The device-mapper switch target creates a device that supports an arbitrary mapping of fixed-size regions of I/O across a fixed set of paths. The path used for any specific region can be switched dynamically by sending the target a message.
It maps I/O to underlying block devices efficiently when there is a large number of fixed-sized address regions but there is no simple pattern that would allow for a compact representation of the mapping such as dm-stripe.
Dell EqualLogic and some other iSCSI storage arrays use a distributed frameless architecture. In this architecture, the storage group consists of a number of distinct storage arrays (“members”) each having independent controllers, disk storage and network adapters. When a LUN is created it is spread across multiple members. The details of the spreading are hidden from initiators connected to this storage system. The storage group exposes a single target discovery portal, no matter how many members are being used. When iSCSI sessions are created, each session is connected to an eth port on a single member. Data to a LUN can be sent on any iSCSI session, and if the blocks being accessed are stored on another member the I/O will be forwarded as required. This forwarding is invisible to the initiator. The storage layout is also dynamic, and the blocks stored on disk may be moved from member to member as needed to balance the load.
This architecture simplifies the management and configuration of both the storage group and initiators. In a multipathing configuration, it is possible to set up multiple iSCSI sessions to use multiple network interfaces on both the host and target to take advantage of the increased network bandwidth. An initiator could use a simple round robin algorithm to send I/O across all paths and let the storage array members forward it as necessary, but there is a performance advantage to sending data directly to the correct member.
A device-mapper table already lets you map different regions of a device onto different targets. However in this architecture the LUN is spread with an address region size on the order of 10s of MBs, which means the resulting table could have more than a million entries and consume far too much memory.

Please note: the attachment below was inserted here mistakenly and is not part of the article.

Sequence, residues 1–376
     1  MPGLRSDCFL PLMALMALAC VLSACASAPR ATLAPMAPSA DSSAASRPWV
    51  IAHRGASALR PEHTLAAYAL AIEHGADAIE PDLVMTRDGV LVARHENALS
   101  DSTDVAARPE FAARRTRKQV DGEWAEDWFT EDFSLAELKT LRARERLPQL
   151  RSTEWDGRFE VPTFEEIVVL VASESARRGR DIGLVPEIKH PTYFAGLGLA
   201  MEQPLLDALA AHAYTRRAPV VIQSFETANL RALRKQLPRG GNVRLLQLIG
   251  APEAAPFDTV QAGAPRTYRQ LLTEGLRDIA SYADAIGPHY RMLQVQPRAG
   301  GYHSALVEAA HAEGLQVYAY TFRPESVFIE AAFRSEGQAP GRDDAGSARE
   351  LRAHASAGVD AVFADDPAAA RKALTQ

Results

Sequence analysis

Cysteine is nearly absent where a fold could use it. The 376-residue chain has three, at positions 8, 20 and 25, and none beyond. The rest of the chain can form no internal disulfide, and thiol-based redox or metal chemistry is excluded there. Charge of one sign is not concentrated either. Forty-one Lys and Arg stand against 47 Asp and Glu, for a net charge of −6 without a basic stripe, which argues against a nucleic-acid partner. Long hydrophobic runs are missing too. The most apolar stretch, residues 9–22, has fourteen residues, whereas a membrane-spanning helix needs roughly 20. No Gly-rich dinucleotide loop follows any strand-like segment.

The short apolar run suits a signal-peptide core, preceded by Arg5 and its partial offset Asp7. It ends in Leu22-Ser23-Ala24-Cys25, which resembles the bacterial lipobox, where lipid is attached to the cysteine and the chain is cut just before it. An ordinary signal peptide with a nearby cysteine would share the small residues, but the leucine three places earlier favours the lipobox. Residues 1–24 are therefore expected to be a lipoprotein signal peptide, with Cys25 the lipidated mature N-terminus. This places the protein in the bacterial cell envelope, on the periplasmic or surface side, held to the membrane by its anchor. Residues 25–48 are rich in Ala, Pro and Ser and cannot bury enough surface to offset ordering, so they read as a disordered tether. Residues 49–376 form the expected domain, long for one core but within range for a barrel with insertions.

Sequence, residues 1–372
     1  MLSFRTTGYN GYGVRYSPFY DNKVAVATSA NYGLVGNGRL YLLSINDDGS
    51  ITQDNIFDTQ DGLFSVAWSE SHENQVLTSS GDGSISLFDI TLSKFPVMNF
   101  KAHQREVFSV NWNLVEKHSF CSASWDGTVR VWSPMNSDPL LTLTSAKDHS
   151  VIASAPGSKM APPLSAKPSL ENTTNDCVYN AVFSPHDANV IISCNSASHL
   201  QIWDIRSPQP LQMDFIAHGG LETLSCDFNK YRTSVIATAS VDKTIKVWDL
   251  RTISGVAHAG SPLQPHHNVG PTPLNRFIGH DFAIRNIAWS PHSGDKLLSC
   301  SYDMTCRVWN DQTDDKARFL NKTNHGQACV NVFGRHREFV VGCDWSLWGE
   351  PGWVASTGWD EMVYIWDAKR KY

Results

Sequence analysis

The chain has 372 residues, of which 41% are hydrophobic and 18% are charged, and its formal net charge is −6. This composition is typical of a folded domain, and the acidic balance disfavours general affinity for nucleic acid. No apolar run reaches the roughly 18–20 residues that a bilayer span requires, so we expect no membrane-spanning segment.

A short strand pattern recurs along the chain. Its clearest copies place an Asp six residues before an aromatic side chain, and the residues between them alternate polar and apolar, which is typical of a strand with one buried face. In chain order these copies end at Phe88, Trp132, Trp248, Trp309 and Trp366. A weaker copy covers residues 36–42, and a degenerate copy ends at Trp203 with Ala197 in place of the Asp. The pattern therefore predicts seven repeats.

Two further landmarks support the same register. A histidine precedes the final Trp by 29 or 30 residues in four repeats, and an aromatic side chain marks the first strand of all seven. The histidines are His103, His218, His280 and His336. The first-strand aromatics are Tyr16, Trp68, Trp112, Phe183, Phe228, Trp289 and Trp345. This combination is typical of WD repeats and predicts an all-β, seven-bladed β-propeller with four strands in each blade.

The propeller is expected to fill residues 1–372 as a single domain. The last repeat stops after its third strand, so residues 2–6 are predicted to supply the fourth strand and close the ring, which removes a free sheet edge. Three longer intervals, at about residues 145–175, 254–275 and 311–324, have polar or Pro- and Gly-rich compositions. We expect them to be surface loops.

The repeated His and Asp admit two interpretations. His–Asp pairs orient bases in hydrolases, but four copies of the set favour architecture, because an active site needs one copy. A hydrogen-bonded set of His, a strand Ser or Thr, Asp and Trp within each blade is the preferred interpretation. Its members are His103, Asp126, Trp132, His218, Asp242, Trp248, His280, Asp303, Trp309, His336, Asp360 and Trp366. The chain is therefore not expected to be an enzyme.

Using this device-mapper switch target we can now build a two-layer device hierarchy:
Upper Tier - Determine which array member the I/O should be sent to. Lower Tier - Load balance amongst paths to a particular member.
The lower tier consists of a single dm multipath device for each member. Each of these multipath devices contains the set of paths directly to the array member in one priority group, and leverages existing path selectors to load balance amongst these paths. We also build a non-preferred priority group containing paths to other array members for failover reasons.
The upper tier consists of a single dm-switch device. This device uses a bitmap to look up the location of the I/O and choose the appropriate lower tier device to route the I/O. By using a bitmap we are able to use 4 bits for each address range in a 16 member group (which is very large for us). This is a much denser representation than the dm table b-tree can achieve.
- <num_paths> <region_size> <num_optional_args> [<optional_args>…] [<dev_path> <offset>]+
The number of paths across which to distribute the I/O.
The number of 512-byte sectors in a region. Each region can be redirected to any of the available paths.
The number of optional arguments. Currently, no optional arguments are supported and so this must be zero.
The block device that represents a specific path to the device.
The offset of the start of data on the specific <dev_path> (in units of 512-byte sectors). This number is added to the sector number when forwarding the request to the specific path. Typically it is zero.
set_region_mappings <index>:<path_nr> [<index>]:<path_nr> [<index>]:<path_nr>…
Modify the region table by specifying which regions are redirected to which paths.
The region number (region size was specified in constructor parameters). If index is omitted, the next region (previous index + 1) is used. Expressed in hexadecimal (WITHOUT any prefix like 0x).
The path number in the range 0 … (<num_paths> - 1). Expressed in hexadecimal (WITHOUT any prefix like 0x).
This parameter allows repetitive patterns to be loaded quickly. <n> and <m> are hexadecimal numbers. The last <n> mappings are repeated in the next <m> slots.
No status line is reported.
Assume that you have volumes vg1/switch0 vg1/switch1 vg1/switch2 with the same size.
Create a switch device with 64kB region size:
dmsetup create switch --table "0 `blockdev --getsz /dev/vg1/switch0` switch 3 128 0 /dev/vg1/switch0 0 /dev/vg1/switch1 0 /dev/vg1/switch2 0"
Set mappings for the first 7 entries to point to devices switch0, switch1, switch2, switch0, switch1, switch2, switch1:
dmsetup message switch 0 set_region_mappings 0:0 :1 :2 :0 :1 :2 :1
Set repetitive mapping. This command:
dmsetup message switch 0 set_region_mappings 1000:1 :2 R2,10
is equivalent to:
dmsetup message switch 0 set_region_mappings 1000:1 :2 :1 :2 :1 :2 :1 :2 \ :1 :2 :1 :2 :1 :2 :1 :2 :1 :2